DHS Sued Over Its Social Media Surveillance Tactics

Illustration for article titled DHS Sued Over Its Social Media Surveillance Tactics
Photo: Paul J. Richards (Getty Images)

The Department of Homeland Security is being slammed with a new lawsuit after spending just over a year failing to respond to repeated attempts at investigating its long-term data hoovering practices.

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The suit was filed last week by the Center for Democracy & Technology (CDT)—a tech policy-centric nonprofit based out of Washington DC—over allegations that two immigration agencies falling under the DHS’s purview failed to respond to three separate FOIA requests the CDT initially filed in 2019. Per the complaint, both the CBP (Customs and Border Protection) and USCIS (United States Citizenship and Immigration Services) went silent on the CDT’s request for records discussing how the two agencies routinely tap into a given social media account both when deciding whether or not to grant a person US citizenship and when deciding the sort of benefits package that person earns once they’re in the country for good.

Two of the CDT’s three filed FOIA’s stemmed from a so-called “Privacy Impact Assessment” on CBP’s social media monitoring initiatives that discussed the sorts of safeguards that agency officials take when handling user data. Specifically, the CDT was looking for records concerning two topics that the DHS alluded to: training material “on the treatment of First Amendment protected activity,” on these platforms, and a document that outlined the “rules of behavior” that current CBP officials are expected to follow. Alongside these FOIA’s, the CDT fired off a third request to the USCIS that broadly asked for certain documents discussing how it uses social media data when “adjudicating immigration benefits.”

On paper at least, when a federal agency receives a FOIA request, it’s required to respond with either a denial or a so-called “grant of access” within the span of 20 business days. As the CDT points out in its suit, even if every requested document can’t be released in this time frame, at the very least the agency should notify which documents are on the table, which are being withheld, and give the party asking for these docs the right to appeal these decisions.

By that rationale, when the CDT filed its initial FOIA request in mid-August 2019, it should have heard a response sometime in mid-September. Instead, it alleges that it hasn’t gotten a substantial request to date. Even USCIS—the only agency to offer any sort of timeline for wrangling these requested documents—initially estimated it would take until the end of December. In the 13 months since its self-set deadline, the CDT alleges the agency hasn’t returned any of the records requested.

“The public deserves to know how the government scrutinizes social media data when deciding who can enter or stay in the country,” said CDT General Counsel Avery Gardiner in a statement. “Government surveillance has necessary limits, particularly constitutional ones.”

The traditional limits the CDT referred to earlier were tested under the Trump administration’s objectively brutal policies regarding immigration. In 2019, we saw the DHS expand the current policies strong-arming nearly all visa applicants into forking over their social media histories, it required the same from those applying for immigration benefits as well as people merely hoping to attend university on US soil.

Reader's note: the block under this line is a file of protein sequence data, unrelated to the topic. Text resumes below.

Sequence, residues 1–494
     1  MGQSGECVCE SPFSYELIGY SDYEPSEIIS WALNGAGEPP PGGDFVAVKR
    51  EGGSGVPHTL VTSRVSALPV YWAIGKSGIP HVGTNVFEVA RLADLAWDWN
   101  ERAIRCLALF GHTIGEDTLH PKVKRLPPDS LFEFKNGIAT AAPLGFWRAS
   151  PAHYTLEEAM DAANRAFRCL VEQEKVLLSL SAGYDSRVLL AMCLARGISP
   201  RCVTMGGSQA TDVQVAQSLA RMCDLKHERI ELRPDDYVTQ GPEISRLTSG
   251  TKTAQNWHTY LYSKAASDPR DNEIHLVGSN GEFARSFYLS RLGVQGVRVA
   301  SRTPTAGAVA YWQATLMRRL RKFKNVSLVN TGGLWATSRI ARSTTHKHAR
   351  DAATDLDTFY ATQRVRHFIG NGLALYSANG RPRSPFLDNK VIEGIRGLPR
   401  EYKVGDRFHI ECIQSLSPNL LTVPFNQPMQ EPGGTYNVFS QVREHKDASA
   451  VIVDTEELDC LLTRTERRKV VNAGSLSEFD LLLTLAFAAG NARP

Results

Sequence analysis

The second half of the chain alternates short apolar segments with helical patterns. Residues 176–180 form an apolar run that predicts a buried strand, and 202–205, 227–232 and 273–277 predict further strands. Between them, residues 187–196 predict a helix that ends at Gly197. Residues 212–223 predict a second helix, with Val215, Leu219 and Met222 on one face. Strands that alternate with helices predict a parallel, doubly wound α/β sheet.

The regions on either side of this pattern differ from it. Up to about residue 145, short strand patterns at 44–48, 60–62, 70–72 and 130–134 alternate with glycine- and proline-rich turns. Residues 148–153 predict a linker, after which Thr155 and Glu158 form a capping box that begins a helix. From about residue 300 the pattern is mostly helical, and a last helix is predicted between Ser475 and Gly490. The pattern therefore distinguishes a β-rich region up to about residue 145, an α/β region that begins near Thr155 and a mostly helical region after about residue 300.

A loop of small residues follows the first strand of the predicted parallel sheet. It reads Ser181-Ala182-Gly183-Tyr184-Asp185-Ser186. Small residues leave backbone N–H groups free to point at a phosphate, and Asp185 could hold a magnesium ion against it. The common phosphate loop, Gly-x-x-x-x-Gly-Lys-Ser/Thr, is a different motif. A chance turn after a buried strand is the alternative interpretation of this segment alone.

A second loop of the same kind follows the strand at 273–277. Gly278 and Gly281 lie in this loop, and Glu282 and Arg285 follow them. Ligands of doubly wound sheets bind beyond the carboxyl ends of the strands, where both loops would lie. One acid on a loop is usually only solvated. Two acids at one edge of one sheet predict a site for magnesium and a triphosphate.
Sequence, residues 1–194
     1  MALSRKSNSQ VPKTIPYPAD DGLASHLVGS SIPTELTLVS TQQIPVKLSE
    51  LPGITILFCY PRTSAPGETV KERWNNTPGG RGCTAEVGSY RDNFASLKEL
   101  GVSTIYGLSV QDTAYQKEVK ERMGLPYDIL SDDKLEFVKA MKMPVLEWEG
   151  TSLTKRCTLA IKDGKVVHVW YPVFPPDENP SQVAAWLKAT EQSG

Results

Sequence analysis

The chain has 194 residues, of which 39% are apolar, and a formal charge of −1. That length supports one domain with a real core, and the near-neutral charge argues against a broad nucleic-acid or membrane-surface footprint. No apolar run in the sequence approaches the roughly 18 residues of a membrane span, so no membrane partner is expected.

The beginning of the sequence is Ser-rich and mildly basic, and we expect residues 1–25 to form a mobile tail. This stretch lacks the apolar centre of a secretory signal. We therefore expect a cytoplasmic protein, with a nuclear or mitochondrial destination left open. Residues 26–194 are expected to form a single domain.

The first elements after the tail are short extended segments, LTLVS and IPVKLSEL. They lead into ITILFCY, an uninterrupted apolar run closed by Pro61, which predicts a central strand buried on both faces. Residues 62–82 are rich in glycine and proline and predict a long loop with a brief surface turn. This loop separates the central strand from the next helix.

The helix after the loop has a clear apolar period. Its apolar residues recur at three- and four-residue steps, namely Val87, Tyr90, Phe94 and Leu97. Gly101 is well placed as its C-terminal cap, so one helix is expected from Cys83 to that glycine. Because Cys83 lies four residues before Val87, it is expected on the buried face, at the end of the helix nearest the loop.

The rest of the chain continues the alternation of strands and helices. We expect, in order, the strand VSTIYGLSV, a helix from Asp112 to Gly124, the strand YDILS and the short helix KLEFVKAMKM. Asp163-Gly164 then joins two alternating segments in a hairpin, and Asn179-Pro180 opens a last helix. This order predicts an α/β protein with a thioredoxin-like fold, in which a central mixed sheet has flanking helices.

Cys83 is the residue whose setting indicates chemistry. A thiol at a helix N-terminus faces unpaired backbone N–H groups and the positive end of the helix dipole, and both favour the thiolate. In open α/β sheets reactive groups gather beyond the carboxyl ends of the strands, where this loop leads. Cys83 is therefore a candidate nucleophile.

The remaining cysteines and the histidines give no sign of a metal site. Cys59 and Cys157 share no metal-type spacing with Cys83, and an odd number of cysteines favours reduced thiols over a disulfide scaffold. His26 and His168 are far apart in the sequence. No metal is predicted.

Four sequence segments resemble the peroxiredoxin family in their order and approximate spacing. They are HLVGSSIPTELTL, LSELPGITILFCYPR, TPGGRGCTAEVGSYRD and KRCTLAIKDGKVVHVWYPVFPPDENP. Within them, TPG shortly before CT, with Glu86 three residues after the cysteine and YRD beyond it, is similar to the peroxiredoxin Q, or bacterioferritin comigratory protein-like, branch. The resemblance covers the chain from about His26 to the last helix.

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We’ve also seen these people get turned away at the border as a result. In one notable case, an incoming Harvard freshman, Ismail B. Ajjawi, spent eight hours being detained by US officials in a Boston airport before his student visa was revoked, and he was subsequently put on a plane back home to Lebanon. Per Ajjawi, the only reason for his speedy deportation was because a few of his social media buddies had posted what the officials called “political points of view that oppose the US.” (Don’t worry, he managed to get back onto Harvard’s campus roughly a month later).

This is on top of the vast quantities of data that these officials already have at their fingertips. They can track people’s location, for example, by using cell-site simulators or simply contracting to private partners to do the dirty work for them. If they want to sift through the files on your laptop or phone, you can be detained indefinitely unless you unlock those devices.

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It’s not clear whether Biden intends to curb some of these official’s free reign as part of his tenure, but we do know his administration has made immigration reform one of the core tenents of his introduction to the oval office. The CDT’s policy council, Mana Azarmi, stated that the group is “willing to work” with the current administration on getting these documents handed over without too much of a headache.

But as she rightfully pointed out, they’ve already been waiting for more than a year, and the CDT won’t wait around “forever, “especially when constitutional rights are at stake.”

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We’ve reached out to the DHS, CBP, and USCIS for comment on the case, and will update this piece if we hear back.

I cover the business of data for Gizmodo. Send your worst tips to swodinsky@gizmodo.com.

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DexterHerbivore
DexterHerbivore

The much vaunted American “freedom”.